Change It Up


One of the beautiful things about our industry is the month-to-month lease. If you normally rent 10-by-10 units for $99 and move two people in this month at the rate of $79, you have the ability to raise the rates for those tenants any time in the future with 30 days notice. If occupancy is low, its probably better to get $79 than $0 now. When occupancy rises, you can raise their rates to $99. If they move out at that point, youre more likely to replace them with a new tenant at the full $99 rate.

Some operators price the most desirable units of a certain size/type at a premium. For example, you can probably rent the 10-by-30s inside on the first floor near the building entrance for 10 percent or 20 percent more than you can rent a 10-by-30 unit upstairs, 100 feet from the elevator.

If your occupancy is not very high and some of your competitors are priced really low, you can use a similar strategy to match their rates. Choose the least desirable units on your property of the major size/type categories and price those closely to the competitor. Leave all the other units in that category at the higher street rate. That way, you have something to offer those few tenants who only care about rates, but dont lose opportunity by pricing all of your units that low.

When you take the potential tenant on a tour of your facility and show him the cheap unit on the third floor in the back corner of the building, he may say, Do you have anything closer to the elevator? You can then show him the more convenient units, and he can choose whats most important to himconvenience or low rates. Some customers just want to feel like they have choice and made a good decision. Having two good options at your facility may prevent customers from shopping other competitor properties as well.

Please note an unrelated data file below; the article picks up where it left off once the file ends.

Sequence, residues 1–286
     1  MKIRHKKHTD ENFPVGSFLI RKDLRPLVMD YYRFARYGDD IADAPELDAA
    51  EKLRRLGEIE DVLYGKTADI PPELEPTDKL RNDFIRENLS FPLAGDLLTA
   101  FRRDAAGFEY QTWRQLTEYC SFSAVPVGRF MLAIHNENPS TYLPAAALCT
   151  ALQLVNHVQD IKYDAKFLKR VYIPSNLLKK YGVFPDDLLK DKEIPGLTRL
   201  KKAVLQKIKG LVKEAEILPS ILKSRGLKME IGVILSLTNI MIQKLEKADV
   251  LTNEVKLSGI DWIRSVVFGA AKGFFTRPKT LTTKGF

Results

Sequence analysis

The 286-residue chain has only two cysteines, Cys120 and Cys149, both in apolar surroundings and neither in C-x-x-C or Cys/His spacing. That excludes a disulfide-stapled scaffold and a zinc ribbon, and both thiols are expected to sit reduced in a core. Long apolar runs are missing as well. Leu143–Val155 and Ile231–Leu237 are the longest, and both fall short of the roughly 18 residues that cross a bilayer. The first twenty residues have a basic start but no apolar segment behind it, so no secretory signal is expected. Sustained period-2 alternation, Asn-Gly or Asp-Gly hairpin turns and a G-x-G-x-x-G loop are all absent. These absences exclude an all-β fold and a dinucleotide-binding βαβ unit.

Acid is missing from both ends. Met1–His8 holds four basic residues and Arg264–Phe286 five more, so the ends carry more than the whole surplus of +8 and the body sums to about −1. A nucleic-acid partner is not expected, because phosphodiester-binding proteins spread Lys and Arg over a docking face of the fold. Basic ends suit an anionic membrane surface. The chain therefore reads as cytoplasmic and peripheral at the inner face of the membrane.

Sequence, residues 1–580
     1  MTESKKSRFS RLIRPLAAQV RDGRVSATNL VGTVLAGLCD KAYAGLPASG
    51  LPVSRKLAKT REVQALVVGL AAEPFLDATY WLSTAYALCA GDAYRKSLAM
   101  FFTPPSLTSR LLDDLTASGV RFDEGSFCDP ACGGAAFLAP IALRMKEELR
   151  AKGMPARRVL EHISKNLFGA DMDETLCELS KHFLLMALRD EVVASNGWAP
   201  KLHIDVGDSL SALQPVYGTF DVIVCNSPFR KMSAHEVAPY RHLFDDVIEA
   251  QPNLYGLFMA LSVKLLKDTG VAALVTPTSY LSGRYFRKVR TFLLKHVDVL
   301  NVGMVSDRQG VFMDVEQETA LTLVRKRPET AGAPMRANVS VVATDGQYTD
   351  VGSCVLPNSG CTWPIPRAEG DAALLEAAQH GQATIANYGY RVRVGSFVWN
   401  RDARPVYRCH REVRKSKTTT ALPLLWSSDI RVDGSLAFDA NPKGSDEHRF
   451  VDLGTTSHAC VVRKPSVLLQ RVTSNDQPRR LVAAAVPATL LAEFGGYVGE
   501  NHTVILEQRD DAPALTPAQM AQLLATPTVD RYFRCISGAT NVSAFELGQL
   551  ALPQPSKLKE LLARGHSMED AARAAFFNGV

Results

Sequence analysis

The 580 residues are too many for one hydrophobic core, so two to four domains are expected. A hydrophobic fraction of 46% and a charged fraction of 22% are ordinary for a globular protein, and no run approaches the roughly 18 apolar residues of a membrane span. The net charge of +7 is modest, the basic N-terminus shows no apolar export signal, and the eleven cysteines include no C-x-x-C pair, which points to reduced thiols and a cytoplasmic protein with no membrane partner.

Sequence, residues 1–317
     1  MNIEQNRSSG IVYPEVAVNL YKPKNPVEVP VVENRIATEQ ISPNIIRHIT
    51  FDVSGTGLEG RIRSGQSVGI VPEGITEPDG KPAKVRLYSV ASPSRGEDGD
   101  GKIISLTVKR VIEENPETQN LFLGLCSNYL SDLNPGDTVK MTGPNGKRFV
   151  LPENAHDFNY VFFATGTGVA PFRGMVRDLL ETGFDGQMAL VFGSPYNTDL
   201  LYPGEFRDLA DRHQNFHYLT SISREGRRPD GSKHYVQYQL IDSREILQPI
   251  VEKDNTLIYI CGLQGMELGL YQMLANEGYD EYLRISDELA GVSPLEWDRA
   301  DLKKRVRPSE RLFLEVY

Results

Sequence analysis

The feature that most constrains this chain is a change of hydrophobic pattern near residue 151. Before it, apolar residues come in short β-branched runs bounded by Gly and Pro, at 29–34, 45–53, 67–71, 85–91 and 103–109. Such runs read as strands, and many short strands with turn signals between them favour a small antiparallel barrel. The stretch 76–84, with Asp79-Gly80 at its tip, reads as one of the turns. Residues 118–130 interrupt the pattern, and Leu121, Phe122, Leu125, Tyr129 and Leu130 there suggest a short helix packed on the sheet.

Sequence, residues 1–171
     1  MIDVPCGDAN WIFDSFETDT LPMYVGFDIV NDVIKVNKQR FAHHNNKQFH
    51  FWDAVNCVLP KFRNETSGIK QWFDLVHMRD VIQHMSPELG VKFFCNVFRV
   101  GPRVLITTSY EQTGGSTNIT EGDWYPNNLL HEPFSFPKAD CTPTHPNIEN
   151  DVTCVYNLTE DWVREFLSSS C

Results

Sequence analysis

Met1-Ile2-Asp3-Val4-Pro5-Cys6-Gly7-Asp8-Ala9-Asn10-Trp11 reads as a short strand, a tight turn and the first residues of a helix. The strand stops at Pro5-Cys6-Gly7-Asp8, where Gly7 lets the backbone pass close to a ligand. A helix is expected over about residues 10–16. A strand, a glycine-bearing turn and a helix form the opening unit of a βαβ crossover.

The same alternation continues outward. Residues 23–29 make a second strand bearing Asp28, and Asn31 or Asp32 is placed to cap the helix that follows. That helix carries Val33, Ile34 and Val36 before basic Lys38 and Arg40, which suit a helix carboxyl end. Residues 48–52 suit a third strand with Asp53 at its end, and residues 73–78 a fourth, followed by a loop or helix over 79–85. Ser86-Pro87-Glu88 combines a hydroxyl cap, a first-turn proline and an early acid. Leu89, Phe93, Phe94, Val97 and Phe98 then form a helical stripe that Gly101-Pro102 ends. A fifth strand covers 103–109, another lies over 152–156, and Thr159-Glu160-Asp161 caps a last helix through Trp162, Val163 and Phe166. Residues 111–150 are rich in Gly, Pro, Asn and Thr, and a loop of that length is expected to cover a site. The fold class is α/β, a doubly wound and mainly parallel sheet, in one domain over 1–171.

Beware of Your Internet Specials


Another key factor to keep in mind when making street-rate pricing decisions is where potential tenants are finding your rates. If they just drove by and stopped in the office, theres usually no need to offer a discounted rate. Theyre probably planning to rent from you already!

However, if theyre looking online, they may find your rate on a website that lists you and some of your competitors. They may also look at your website and then quickly check the websites of three other storage facilities. Its more important to have competitive rates online these days. Many storage operators are offering online specials or Web-only rates on their websites for this reason.

In many situations, dropping street rates can absolutely help you quickly increase occupancy. It may come at a cost, however, as 40 percent to 50 percent of potential self-storage tenants do not price shop and you can get an even higher rental rate.    

All self-storage operators are trying to maximize their achieved revenue by balancing occupancy and rates. This delicate balance requires and deserves time analyzing the factors listed above, reviewing the results, and tweaking over and over again. Hopefully, these ideas and tips will help make this year the most profitable one so far for your storage facility!

Alyssa Quill is an owner of Storage Asset Management Inc. (SAM), a third-party management and consulting company that currently manages 30 self-storage facilities across the mid-Atlantic and Northeast regions. For more information, call 717.779.0044; visit www.storageassetmanagement.com .